Russia’s oil export revenues account for a solid portion of its budget revenues, at 40 percent for 2019, according to S&P Global Platts. But the country has developed a commendable habit of budgeting much lower than actual oil prices since the 2014 crisis. In other words, Russia is more resilient to price moves than most of its OPEC partners.

In this context, if Novak continues as an Energy Minister, which is the most likely scenario, OPEC could continue capping production safe in the knowledge that Russia will too, although Russia—unlike OPEC—has not been particularly strict about sticking to its production quotas. 

On the other hand, if Mishustin for some reason decides to appoint a new top man in Russian energy a person close to Rosneft’s Sechin, there might be trouble for OPEC. Sechin, besides being against the production cuts, is quite a powerful person in Russian politics. Maybe powerful enough to change Putin’s mind about the cuts.

This is a much less likely scenario than Novak retaining his post. After all, the Prime Minister is the one who formally appoints the new ministers, but it is the President who, informally, approves the appointments before they are made. Talk is that most of the members of the new government will be Putin’s choices, with just a few that Mishustin will select himself. With Novak’s track record so far, he will almost certainly continue in the new government, and there will be little or no change to Moscow’s energy policies.

By Irina Slav for Oilprice.com

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  • Mamdouh Salameh on January 18 2020 said:
    President Putin’s proposed constitutional changes aim either at allowing him to serve for a third time as president of Russia or alternatively weakening the future presidency and strengthening the future prime ministerial post in case he becomes Prime Minister of Russia at the end of his second term as president. Under the current constitution, President Putin couldn’t serve more than two consecutive times.

    Either way, Putin will continue to be the master of Russia and rightly so with Russia under his leadership having a great renaissance. Not only it has become the world’s superpower of energy but it has expanded its global influence greatly and has also become a force for good.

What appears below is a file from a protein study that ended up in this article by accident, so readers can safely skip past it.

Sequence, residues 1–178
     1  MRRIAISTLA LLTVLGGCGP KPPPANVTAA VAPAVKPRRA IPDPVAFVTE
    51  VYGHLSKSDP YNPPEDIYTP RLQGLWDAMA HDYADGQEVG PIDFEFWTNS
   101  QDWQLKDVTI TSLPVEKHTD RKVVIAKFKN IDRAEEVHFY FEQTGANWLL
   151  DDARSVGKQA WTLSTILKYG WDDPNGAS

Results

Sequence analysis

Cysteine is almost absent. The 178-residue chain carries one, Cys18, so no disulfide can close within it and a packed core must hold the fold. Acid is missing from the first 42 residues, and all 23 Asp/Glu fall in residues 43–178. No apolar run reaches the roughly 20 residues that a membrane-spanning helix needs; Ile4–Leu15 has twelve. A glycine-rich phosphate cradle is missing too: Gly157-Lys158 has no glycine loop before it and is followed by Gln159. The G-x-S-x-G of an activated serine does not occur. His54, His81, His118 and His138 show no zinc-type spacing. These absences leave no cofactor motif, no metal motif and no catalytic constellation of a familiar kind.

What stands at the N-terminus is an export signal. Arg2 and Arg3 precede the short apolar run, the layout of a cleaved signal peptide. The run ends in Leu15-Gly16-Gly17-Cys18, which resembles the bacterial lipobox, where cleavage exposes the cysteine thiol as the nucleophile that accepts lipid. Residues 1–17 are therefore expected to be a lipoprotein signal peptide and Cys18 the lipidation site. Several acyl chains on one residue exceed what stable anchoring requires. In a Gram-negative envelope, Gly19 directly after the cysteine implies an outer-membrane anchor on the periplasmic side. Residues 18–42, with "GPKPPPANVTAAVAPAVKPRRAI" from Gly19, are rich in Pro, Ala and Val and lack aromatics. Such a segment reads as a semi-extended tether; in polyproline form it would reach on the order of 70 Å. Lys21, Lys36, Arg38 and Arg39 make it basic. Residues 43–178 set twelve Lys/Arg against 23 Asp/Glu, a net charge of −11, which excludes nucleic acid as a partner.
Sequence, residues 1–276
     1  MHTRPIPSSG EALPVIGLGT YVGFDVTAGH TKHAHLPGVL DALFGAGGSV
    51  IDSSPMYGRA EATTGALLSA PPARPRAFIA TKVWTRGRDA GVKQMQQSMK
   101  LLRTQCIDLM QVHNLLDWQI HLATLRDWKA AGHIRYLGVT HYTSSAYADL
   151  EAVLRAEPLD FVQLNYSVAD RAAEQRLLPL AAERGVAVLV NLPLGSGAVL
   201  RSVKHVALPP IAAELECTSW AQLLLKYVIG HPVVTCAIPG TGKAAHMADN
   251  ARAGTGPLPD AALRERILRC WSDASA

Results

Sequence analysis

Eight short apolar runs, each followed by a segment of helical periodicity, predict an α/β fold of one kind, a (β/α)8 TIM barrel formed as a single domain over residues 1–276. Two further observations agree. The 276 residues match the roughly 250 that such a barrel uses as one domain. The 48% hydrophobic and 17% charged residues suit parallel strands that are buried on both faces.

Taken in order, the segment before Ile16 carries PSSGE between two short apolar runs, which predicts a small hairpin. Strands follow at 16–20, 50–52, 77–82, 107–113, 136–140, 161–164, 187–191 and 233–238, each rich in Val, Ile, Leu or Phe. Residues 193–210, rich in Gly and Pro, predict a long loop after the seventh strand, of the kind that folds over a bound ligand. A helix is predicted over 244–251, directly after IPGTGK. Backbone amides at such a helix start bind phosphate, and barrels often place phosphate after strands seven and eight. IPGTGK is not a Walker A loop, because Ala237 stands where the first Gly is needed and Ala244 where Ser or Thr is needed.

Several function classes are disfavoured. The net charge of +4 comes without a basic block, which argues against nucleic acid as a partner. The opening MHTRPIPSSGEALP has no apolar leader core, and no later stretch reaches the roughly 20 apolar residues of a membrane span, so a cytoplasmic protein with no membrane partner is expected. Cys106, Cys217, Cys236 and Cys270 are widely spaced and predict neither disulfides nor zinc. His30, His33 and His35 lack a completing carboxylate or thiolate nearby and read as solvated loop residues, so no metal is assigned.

One of Putin’s great achievement has been the diversification of the economy enabling it not only to withstand the most intrusive US sanctions but also to be able to live with $40 a barrel. Therefore any changes to the Russian constitution enabling president Putin to serve Russia as long as he is fit and well should be welcomed by the Russian people.

    The proposed massive shakeup will have no impact whatsoever on OPEC+ since any decisions regarding energy and the relations with OPEC+ are ultimately taken by Putin himself.

    Russia looks at the OPEC+ deal beyond the small benefits of a rise in oil prices to future strategic, geopolitical and economic benefits.

    Through its association with OPEC, Russia hasn’t only managed along with Saudi Arabia to engineer the production cuts agreements thus doing a favour for OPEC members, but also gained a huge influence over OPEC and the global oil market in addition to consolidating its strategic interests in the Gulf region with Saudi Arabia and UAE at a time of growing disenchantment with the United States in the region. Moreover, the Russian budget which is based on an oil price of $40 has gained more than $100 bn in additional earnings as a result of Russia’s association with OPEC+.

    It is true that Russian oil companies who have invested heavily in expanding their oil production capacity particularly in the Arctic don’t want to be limited by the OPEC+ agreement. However, this decision is in the hands of President Putin. He and he alone knows better where Russia’s interests lie.

    Dr Mamdouh G Salameh
    International Oil Economist
    Visiting Professor of Energy Economics at ESCP Europe Business School, London